Tonnes of carp removed from the Sale Common

Tonnes of carp have been removed from the Sale Common, as high numbers have been rapidly deoxygenating the water as water levels recede.
Tonnes of carp have been removed from the Sale Common, as high numbers have been rapidly deoxygenating the water as water levels recede.

PARKS Victoria is undertaking an urgent European carp removal program from the Sale Common Nature Conservation Reserve to avoid a potential ‘black water event’.

During times of natural flooding, carp enter the wetlands from the Latrobe River and can co-exist with native species when the water levels are high.

However, the wetlands are now going through a natural drying phase, so the huge numbers of carp currently found within the Sale Common are rapidly deoxygenating the water as water levels recede.

Parks Victoria has had to act swiftly to remove up to 30 tonnes of carp to avoid a ‘mass fish kill’ event, which would ultimately affect the long-term health of the wetland and native aquatic animals such as platypus, eels, water rats and crustaceans.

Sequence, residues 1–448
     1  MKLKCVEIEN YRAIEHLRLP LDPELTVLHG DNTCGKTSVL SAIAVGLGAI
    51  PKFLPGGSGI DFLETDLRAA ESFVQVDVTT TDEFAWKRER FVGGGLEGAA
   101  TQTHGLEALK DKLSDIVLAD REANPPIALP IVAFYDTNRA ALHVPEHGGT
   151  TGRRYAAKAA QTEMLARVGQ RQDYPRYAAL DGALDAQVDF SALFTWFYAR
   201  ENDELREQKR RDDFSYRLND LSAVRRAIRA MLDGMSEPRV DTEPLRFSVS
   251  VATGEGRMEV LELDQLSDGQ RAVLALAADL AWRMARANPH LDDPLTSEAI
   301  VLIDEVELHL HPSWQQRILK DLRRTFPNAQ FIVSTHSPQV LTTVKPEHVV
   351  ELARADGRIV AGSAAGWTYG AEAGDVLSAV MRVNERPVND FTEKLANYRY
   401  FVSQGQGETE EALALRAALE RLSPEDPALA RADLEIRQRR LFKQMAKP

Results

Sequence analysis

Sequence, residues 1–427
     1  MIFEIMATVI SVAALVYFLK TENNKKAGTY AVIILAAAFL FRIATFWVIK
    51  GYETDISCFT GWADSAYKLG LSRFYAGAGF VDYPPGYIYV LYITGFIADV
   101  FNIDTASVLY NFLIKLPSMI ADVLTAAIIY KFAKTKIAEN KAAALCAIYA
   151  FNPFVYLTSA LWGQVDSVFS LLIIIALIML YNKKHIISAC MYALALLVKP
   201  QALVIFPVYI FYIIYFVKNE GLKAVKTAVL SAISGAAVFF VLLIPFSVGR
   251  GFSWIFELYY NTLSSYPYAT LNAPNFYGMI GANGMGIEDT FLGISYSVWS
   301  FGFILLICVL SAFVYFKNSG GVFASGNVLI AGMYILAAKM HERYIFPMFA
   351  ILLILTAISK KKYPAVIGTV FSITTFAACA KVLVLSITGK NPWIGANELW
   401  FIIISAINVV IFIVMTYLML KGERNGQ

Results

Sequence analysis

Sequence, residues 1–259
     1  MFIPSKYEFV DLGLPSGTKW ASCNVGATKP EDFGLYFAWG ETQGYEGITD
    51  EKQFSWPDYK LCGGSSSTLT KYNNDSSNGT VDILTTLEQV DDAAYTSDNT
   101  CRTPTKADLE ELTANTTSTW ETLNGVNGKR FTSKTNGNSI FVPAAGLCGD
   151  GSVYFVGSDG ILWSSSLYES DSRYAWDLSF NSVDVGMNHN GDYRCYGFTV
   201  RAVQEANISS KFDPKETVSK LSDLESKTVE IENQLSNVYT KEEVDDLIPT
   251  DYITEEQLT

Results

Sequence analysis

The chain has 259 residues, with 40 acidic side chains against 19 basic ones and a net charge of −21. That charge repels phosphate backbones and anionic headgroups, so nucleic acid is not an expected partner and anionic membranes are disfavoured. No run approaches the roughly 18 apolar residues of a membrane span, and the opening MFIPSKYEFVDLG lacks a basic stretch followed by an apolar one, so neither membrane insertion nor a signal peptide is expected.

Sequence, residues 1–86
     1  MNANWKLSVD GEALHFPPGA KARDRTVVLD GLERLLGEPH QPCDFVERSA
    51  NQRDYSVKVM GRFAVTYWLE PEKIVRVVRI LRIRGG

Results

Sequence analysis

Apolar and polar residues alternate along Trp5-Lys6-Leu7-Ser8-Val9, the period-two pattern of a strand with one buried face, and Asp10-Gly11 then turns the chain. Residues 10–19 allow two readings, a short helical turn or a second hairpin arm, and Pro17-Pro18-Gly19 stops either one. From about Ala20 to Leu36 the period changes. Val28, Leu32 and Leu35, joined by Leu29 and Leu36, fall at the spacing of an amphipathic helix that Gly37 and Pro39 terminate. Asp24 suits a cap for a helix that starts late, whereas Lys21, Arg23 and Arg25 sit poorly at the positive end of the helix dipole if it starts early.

Parks Victoria has engaged the services of local professional fishermen to catch the carp alive,  and they will be transported in tanks for research purposes as part of the National Carp Control Plan.

They say this will prevent the degradation of the biodiversity of the wetlands, and is a humane outcome for the carp.

European carp were introduced into Australia in the 1800s.

They are a highly invasive freshwater fish species that feed on riverbeds, stirring up silt and degrading water quality.

Parks Victoria ranger team leader Chris Holmes said removing up to 30 tonnes of carp from Sale Common took about eight days.

“It is an unforeseen event that requires a substantial financial investment, however we made this decision for the long-term health and biodiversity of the wetlands,” he said.

“This will ensure the native species can continue to thrive in the future, and the wetlands can continue to be a place of enjoyment for locals and visitors alike.”

The Sale Common Nature Conservation Reserve is part of the Gippsland Lakes Ramsar site, meaning it’s recognised for its international importance with the aim of conservation for future generations.

It is the only freshwater wetland within the Gippsland Lakes Ramsar site, and is a popular natural attraction and recreation area regularly used by locals and visitors.​

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